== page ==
Patent Office Wants Public Feedback on Artificial Intelligence Inventions 

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As artificial intelligence increasingly pervades technologies and businesses, the Patent and Trademark Office wants the public to weigh in on the difficulties that come with patenting it. The agency posed a series of questions regarding topics across patent policies and intellectual property protections in a request for comments released in the Federal Register Tuesday.

“The USPTO has been examining AI inventions for decades and has issued guidance in many areas that necessarily relate to AI inventions,” officials wrote. “Going forward, the USPTO would like to engage with the innovation community and experts in AI to determine whether further guidance is needed to promote the predictability and reliability of patenting such inventions and to ensure that appropriate patent protection incentives are in place to encourage further innovation in and around this critical area.”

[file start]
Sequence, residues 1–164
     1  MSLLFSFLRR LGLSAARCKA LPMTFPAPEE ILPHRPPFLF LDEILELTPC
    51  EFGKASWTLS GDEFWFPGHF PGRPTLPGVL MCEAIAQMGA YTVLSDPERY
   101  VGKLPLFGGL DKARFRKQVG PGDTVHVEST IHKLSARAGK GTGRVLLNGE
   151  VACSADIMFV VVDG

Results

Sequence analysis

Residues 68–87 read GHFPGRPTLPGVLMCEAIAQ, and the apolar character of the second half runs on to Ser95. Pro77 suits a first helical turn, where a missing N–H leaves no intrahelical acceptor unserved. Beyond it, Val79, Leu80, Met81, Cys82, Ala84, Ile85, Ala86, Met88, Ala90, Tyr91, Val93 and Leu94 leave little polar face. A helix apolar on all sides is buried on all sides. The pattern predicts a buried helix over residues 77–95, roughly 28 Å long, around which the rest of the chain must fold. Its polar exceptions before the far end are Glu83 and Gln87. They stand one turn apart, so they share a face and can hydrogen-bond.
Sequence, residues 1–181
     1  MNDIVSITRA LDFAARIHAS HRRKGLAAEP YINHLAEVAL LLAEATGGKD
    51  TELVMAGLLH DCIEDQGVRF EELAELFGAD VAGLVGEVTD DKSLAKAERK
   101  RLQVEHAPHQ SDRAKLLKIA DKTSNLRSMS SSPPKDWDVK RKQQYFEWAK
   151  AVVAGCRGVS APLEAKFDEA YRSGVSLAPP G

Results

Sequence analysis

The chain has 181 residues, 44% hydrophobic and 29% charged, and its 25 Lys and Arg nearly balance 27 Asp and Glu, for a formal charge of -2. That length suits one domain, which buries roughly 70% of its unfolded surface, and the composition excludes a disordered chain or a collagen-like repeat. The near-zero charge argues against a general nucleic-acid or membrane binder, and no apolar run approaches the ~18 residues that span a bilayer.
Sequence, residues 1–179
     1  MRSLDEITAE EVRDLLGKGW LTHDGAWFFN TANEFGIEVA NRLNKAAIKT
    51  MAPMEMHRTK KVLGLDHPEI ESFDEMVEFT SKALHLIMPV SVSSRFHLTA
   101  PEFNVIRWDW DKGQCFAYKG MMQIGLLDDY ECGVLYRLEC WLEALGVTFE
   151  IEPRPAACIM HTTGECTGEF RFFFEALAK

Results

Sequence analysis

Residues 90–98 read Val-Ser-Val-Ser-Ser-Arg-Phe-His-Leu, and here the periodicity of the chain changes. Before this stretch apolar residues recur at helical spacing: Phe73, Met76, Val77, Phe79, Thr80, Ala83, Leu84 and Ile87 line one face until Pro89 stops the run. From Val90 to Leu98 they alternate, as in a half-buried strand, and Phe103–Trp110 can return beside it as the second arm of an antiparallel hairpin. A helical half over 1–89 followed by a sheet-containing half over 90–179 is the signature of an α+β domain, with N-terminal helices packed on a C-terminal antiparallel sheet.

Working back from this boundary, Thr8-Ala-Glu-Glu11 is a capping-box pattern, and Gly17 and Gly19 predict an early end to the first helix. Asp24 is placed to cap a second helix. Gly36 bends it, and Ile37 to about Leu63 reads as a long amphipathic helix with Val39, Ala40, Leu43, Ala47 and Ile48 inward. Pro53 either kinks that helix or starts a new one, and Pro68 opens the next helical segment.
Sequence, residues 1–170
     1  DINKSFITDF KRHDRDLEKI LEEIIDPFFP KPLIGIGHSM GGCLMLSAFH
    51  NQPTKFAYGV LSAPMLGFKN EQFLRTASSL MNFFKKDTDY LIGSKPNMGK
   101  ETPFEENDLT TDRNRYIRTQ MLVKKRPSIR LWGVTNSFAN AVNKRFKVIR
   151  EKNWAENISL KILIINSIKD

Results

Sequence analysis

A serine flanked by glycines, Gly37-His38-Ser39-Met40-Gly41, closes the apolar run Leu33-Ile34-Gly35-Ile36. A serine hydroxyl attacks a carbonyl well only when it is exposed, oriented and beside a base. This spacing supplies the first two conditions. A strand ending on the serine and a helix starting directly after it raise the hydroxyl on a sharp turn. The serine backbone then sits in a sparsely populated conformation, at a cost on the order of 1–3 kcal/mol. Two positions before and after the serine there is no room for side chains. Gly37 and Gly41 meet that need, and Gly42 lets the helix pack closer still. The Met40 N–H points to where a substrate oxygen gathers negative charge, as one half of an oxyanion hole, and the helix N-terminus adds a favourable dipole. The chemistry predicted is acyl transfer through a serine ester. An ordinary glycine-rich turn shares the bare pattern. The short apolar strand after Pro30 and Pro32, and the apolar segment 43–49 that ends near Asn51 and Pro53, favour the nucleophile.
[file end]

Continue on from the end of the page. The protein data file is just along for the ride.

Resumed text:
Much like patentability issues around “computer-implemented inventions,” guidelines for AI  require a great deal of thoughtful development, the solicitation notes. In an online leadership blog post published Monday, USPTO’s deputy director who also serves as the deputy undersecretary of Commerce for intellectual property, Laura Peter said the agency issued thousands of patents on AI technologies to date. 

She said this request is a “first step [that] will allow [USPTO] to gather information on AI patent policy issues for purposes of evaluating whether further guidance is needed and informing the development of any such guidance.”

The agency poses 12 questions regarding topics such as: the elements that make up an AI invention; the different ways a person can contribute to the conception of a project and be considered an inventor; whether patent laws, regulations or specifications around AI need to be revised; whether there are patent eligibility considerations unique to AI inventions; information about disclosure-related considerations; whether there are new forms of intellectual property protections like data protection needed for AI inventions, and others. 

Comments will be accepted for 45 days. 

In her post, Peter also noted that the agency plans to continue its active work with the AI academic and industrial community and will soon examine a “full spectrum” of issues regarding AI, including copyright and trademarks and whether new legal rights are needed.